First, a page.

Ducks Unlimited-Bayer CropScience project helps environment, farmers and habitat

MINOT, N.D. -- The Ducks Unlimited-Bayer CropScience partnership is working to create interest in a $20 million project to expand winter wheat acres in the Prairie Pothole region.

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MINOT, N.D. -- The Ducks Unlimited-Bayer CropScience partnership is working to create interest in a $20 million project to expand winter wheat acres in the Prairie Pothole region.

Geoff Kneen, vice president of special projects for Bayer CropScience, and Blake Vander Vorst, regional Ducks Unlimited regional agronomist, met with farmers and media to talk up the effort at the KMOT Ag Expo as it opened Jan. 28 in Minot, N.D. The two organizations have been exploring a partnership since 2002, and three years ago, Bayer CropScience started funding projects. Kneen calls it the "fruitful coexistence of profitable agriculture and environmental conservation."

"The objective is to increase winter wheat acres in the Prairie Pothole area as a duck nesting habitat," Kneen says. "We wanted to build on success the project has already had to develop a platform of sustainable agriculture that is a contribution to a healthy and abundant food supply. At the same time, we're preserving a natural ecosystem and waterfowl habitat."

Many benefits

Winter wheat has many benefits, says Vander Vorst, based in Bismarck, N.D.


Canadian research has shown a 24-fold increase in nest hatches in winter wheat vs. spring wheat or barley, he says. The reason, of course, is there is no disturbance and because seeding is done into no-till in the fall.

"The only track that goes through there is 3 (percent) to 5 percent of the area where they spray or fertilize," Vander Vorst says.

Besides being good for waterfowl hatches, the expansion of winter wheat would bode well for water quality and for the environment as a whole.

Kneen is quick to acknowledge that more winter wheat would be good for business.

Winter wheat has been shown to yield 10 (percent) to 30 percent more than spring wheat. With a fall-seeded crop, farmers also can spread their harvest work across a greater time range.

Meanwhile, it's good business for Bayer CropScience, he says, because some of their newest products, such as Prosaro fungicide and Huskie herbicide, will "fit well" with winter wheat production. The company's previous product range was especially suited to spring wheat.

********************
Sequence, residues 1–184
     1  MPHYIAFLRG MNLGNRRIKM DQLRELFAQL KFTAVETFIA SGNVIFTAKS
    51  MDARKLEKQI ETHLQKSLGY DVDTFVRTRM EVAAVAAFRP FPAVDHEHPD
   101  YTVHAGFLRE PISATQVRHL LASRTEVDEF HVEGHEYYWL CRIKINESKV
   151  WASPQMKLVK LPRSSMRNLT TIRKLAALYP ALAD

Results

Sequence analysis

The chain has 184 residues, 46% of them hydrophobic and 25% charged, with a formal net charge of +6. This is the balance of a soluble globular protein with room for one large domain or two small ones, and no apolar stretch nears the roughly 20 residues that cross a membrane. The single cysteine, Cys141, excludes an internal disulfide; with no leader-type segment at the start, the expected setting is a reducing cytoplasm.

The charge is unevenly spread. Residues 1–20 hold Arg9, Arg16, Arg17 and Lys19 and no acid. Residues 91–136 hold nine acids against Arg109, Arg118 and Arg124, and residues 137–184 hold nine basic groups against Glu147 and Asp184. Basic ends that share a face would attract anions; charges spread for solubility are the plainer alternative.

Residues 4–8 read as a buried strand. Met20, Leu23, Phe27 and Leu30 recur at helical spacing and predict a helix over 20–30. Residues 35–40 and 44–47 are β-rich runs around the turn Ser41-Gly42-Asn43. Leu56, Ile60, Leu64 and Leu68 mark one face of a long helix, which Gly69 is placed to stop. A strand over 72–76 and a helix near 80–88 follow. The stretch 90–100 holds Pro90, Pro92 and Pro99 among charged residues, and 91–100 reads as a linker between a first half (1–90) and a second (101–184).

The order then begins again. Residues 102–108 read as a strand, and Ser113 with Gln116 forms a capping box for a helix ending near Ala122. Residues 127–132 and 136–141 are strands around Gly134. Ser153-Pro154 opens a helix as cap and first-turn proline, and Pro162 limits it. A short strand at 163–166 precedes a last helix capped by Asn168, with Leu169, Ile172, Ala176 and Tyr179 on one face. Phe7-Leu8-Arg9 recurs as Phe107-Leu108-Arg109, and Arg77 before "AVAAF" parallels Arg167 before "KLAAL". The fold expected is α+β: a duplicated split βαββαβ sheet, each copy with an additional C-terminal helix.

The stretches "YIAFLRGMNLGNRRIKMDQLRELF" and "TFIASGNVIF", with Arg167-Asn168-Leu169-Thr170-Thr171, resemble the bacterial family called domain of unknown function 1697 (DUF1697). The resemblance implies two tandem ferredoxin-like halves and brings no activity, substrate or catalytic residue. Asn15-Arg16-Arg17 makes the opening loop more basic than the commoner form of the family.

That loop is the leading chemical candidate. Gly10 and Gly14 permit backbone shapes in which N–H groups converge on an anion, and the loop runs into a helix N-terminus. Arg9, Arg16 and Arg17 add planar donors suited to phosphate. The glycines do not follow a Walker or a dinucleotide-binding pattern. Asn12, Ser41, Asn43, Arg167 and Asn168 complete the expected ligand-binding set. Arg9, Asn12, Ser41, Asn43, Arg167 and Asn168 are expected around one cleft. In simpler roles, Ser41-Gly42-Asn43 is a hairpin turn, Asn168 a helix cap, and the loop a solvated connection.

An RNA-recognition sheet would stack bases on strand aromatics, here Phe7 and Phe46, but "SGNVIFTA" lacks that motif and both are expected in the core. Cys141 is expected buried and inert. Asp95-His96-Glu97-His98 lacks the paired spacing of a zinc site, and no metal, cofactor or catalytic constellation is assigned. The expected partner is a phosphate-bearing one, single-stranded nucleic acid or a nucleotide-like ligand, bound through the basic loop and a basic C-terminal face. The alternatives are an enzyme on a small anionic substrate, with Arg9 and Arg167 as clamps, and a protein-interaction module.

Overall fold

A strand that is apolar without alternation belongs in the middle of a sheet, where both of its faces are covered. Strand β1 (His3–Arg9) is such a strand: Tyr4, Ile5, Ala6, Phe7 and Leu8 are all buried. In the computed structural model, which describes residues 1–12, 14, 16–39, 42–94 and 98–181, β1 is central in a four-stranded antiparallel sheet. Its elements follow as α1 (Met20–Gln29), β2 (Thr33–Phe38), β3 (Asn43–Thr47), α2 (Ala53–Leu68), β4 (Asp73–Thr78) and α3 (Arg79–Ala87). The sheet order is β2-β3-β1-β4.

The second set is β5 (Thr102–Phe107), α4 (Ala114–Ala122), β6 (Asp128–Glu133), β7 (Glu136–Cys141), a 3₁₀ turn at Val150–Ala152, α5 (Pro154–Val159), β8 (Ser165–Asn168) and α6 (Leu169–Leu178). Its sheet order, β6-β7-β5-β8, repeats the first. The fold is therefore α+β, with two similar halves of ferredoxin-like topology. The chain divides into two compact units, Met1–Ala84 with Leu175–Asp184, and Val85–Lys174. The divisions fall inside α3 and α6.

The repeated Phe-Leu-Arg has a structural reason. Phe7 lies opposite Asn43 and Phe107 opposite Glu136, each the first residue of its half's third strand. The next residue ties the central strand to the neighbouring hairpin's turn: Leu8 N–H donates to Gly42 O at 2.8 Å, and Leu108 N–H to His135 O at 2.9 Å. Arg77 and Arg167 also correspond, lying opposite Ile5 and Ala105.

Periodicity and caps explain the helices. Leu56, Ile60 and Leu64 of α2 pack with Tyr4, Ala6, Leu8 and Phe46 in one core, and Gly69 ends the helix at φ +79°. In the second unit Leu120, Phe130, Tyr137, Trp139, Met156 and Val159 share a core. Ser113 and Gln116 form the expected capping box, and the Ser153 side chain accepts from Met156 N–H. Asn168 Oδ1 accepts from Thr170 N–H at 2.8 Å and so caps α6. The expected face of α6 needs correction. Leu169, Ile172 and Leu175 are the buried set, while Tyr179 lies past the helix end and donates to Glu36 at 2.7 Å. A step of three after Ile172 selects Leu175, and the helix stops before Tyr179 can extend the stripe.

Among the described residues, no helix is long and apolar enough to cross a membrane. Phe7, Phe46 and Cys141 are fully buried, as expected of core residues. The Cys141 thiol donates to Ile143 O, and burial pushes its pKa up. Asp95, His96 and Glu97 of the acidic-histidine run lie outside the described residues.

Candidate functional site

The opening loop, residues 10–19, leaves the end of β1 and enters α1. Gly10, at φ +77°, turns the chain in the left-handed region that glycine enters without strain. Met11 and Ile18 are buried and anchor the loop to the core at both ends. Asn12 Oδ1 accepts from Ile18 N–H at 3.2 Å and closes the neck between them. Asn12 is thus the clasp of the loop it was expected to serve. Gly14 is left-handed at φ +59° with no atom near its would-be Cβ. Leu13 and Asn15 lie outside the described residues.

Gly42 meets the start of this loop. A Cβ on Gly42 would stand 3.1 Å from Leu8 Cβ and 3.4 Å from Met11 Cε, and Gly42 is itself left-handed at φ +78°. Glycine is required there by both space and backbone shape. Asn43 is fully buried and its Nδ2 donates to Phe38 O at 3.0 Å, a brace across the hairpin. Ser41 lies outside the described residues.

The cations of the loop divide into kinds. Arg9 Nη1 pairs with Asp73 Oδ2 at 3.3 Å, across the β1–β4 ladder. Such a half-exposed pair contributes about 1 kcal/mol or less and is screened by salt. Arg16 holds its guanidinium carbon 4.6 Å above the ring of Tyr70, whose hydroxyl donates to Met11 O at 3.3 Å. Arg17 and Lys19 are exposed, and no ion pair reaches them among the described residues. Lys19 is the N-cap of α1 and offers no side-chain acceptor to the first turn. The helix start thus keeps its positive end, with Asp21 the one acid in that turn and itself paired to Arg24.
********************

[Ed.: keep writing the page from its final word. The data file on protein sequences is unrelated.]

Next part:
The $20 million will be spent over five years -- $4 million a year, and half of that in each country. Some programs will be added, while one earlier program will go away.


In that effort, Bayer had committed $100,000 per year for three years, which included $85,000 to $95,000 per year for incentives for growers to plant winter wheat -- up to 150 acres per year, with incentives to cover Bayer protection products.

Ducks Unlimited will seek U.S. Department of Agriculture sources to replace those funds. Specifically, DU will work to expand and fund an existing Conservation Security Program mechanism for wildlife enhancement practices -- a payment of $10 an acre on winter wheat acres.

"We're going to work with NRCS (Natural Resources Conservation Service) to expand this to the full Prairie Pothole area," he says. "If we can make that happen, the pool will be bigger, annually, in terms of what's available to producers," Vander Vorst says.

The new Bayer CropScience money will fund more agronomists at DU. Currently, there are two DU agronomists in the Prairie Pothole region. DU will add three, for a total of four in North Dakota and one in South Dakota.

"We'll more than double our capacity to work with producers," Vander Vorst says.

These will expand production agricultural research -- one position probably will be contracted with North Dakota State University and private industry, including agricultural supply cooperatives.

Bayer CropScience will directly invest into programs to improve winter wheat breeding to create new varieties for the region. Cold-tolerance will be a high priority, but also disease resistance and protein content.

"If we're successful, it will not only benefit the Prairie Pothole region, but with disease resistance, will benefit other areas where they grow winter wheat," he says.


Vander Vorst says research demonstrations since 1999 have had a benefit for improving winter wheat profitability and yields in both southeast North Dakota and northwest. Most of it is involves better management.

The payoff for the new alliance probably will not become apparent for another three years or more, Vander Vorst says.

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